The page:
Posts with tag: there should have been a period of consultation

Sub-Letting concern for rental market

A leading tenant eviction expert has voiced concern over upcoming Government proposals that would allow private-rental tenants to sub-let their property.


Budget smallprint


Reports have highlighted a piece of small print included in the latest Budget that points to a clause about subletting. This was included under the title, ‘support for the sharing economy.’


The information suggests that the government will: ‘make it easier for individuals to sub-let a room through its intention to legislate to prevent the use of clauses in private fixed-term residential tenancy agreements that expressly rule out sub-letting or otherwise sharing space on a short-term basis, and consider extending this prohibition to statutory periodic tenancies.’[1]


Landlord Action has moved quickly to air its concerns. The company founder, Paul Shamplina, said that the small print, ‘appears to have slipped in under the radar which, if it goes ahead, will throw up a magnitude of problems in the buy-to-let industry.’[1]


Shamplina continued by saying, ‘we have never seen so many sub-letting cases going to court because of unscrupulous tenants trying to cream a profit from property they have rented.’[1]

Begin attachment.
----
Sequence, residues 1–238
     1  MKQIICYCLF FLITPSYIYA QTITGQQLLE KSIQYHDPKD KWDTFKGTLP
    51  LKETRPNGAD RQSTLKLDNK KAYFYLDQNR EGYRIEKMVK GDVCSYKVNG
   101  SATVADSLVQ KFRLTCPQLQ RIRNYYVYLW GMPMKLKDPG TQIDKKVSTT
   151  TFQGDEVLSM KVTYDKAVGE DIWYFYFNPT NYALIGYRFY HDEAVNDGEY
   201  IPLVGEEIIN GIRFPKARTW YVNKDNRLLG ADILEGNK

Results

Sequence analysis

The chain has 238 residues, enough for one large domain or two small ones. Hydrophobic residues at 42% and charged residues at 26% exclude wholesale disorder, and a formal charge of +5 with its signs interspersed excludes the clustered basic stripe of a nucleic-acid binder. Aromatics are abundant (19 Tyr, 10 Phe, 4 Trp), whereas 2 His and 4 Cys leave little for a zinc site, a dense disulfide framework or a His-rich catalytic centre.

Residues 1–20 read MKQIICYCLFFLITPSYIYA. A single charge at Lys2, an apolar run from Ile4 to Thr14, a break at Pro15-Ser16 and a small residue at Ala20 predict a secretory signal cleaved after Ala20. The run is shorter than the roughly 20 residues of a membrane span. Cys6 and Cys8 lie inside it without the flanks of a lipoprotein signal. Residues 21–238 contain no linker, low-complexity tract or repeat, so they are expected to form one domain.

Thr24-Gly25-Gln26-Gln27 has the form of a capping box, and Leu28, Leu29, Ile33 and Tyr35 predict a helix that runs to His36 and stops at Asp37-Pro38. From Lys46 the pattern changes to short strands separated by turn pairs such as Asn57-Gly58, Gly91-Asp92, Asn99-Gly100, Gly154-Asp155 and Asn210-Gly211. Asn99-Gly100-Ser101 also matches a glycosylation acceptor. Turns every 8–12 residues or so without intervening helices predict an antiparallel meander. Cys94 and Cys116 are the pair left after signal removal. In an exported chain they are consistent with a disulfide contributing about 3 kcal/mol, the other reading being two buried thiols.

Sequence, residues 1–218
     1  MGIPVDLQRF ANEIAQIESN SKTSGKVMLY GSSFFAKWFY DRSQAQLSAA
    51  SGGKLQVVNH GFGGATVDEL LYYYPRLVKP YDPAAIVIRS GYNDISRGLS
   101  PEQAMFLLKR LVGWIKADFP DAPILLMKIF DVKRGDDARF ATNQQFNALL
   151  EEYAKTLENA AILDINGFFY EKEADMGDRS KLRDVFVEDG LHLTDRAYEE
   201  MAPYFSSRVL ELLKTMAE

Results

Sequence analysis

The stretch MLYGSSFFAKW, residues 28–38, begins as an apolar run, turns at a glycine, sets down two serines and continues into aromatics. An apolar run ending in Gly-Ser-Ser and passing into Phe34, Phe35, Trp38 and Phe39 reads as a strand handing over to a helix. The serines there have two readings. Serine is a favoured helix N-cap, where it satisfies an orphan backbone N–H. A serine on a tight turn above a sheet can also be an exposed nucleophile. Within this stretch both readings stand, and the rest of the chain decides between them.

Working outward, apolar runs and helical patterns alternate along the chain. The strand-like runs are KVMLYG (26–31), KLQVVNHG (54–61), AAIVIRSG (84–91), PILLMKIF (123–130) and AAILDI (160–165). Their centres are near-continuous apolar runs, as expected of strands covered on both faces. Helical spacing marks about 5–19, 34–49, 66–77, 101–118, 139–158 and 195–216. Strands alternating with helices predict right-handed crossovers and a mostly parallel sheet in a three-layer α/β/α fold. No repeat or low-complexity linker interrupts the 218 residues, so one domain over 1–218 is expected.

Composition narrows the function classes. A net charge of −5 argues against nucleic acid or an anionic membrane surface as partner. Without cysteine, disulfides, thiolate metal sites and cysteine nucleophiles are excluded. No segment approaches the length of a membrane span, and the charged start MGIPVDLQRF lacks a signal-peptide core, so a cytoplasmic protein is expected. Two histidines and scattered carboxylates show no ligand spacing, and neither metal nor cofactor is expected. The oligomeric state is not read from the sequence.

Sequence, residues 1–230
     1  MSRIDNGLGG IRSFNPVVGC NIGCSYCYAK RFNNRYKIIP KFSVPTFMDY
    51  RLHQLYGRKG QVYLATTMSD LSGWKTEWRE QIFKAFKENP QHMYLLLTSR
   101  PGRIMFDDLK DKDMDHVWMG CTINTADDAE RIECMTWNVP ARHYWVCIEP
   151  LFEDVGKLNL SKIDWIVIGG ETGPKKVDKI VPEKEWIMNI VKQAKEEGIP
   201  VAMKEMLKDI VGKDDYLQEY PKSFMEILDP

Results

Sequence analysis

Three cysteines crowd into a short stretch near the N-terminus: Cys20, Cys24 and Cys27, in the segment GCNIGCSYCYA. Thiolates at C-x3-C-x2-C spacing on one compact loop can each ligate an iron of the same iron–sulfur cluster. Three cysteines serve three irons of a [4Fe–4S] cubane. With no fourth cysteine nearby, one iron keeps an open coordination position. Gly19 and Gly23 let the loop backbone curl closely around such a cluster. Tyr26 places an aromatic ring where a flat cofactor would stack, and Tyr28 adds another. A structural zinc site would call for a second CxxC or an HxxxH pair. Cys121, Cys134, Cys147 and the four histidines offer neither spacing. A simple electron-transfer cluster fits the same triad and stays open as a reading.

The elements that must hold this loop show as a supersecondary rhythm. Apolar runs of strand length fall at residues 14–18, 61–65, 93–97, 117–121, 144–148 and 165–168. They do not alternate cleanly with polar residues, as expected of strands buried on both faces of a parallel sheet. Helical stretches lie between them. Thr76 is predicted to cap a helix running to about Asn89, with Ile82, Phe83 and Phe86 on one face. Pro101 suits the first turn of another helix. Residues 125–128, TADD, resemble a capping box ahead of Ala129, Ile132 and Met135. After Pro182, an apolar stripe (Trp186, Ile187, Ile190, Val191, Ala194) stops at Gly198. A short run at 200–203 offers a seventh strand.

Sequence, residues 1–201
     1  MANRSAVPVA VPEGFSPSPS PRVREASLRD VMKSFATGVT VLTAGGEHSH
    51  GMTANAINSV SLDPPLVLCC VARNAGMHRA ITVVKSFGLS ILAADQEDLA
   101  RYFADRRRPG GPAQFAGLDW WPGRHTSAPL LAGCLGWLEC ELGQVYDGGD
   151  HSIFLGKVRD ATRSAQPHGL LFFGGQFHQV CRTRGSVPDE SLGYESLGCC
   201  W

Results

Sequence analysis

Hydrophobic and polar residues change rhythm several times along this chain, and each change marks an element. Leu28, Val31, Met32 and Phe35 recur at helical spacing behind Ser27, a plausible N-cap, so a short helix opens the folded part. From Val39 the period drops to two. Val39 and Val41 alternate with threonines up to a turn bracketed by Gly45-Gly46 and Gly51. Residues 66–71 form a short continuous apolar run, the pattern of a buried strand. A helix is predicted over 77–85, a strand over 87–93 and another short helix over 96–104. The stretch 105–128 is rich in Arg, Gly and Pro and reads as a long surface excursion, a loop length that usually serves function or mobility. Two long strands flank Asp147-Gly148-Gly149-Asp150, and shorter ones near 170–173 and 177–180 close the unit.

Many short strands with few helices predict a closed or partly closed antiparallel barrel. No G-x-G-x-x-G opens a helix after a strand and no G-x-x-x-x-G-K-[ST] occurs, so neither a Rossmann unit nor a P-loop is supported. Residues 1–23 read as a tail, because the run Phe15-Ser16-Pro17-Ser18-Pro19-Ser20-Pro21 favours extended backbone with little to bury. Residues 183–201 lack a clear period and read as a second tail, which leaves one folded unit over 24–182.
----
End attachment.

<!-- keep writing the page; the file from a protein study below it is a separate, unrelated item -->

Mr Shamplina said that his company, ‘experience continual problems with tenants taking out tenancy agreements and then, in some instances, not even moving into the property themselves.’ Instead, he explains, tenants put up, ‘partitions,’ and then begin, ‘sub-letting to as many people as possible.’[1]


He went on to say that many tenants, ‘draw up separate agreements and trick sub-tenants into thinking they are the landlord.’ Shamplina notes that, ‘by the time landlords find out, damage to properties from over-crowding can run into thousands, and the tenant who holds the legitimate tenancy agreement is nowhere to be found.’[1]




Despite the content of the information yet to be disclosed, Shamplina suggests that, ‘there should have been a period of consultation with the industry before this was announced.’ He feels that, ‘this is not the way to fix the housing shortage and in fact will have quite the opposite effect if more and more landlords are exposed to the risk of nightmare sub-tenants.’[1]

Sub-Letting concern for rental market

Sub-Letting concern for rental market


Shamplina concluded by saying, ‘giving landlords even less control over their own property by preventing them from instilling clauses which prevent sub-letting could drive more good landlords out of the marketplace.’[1]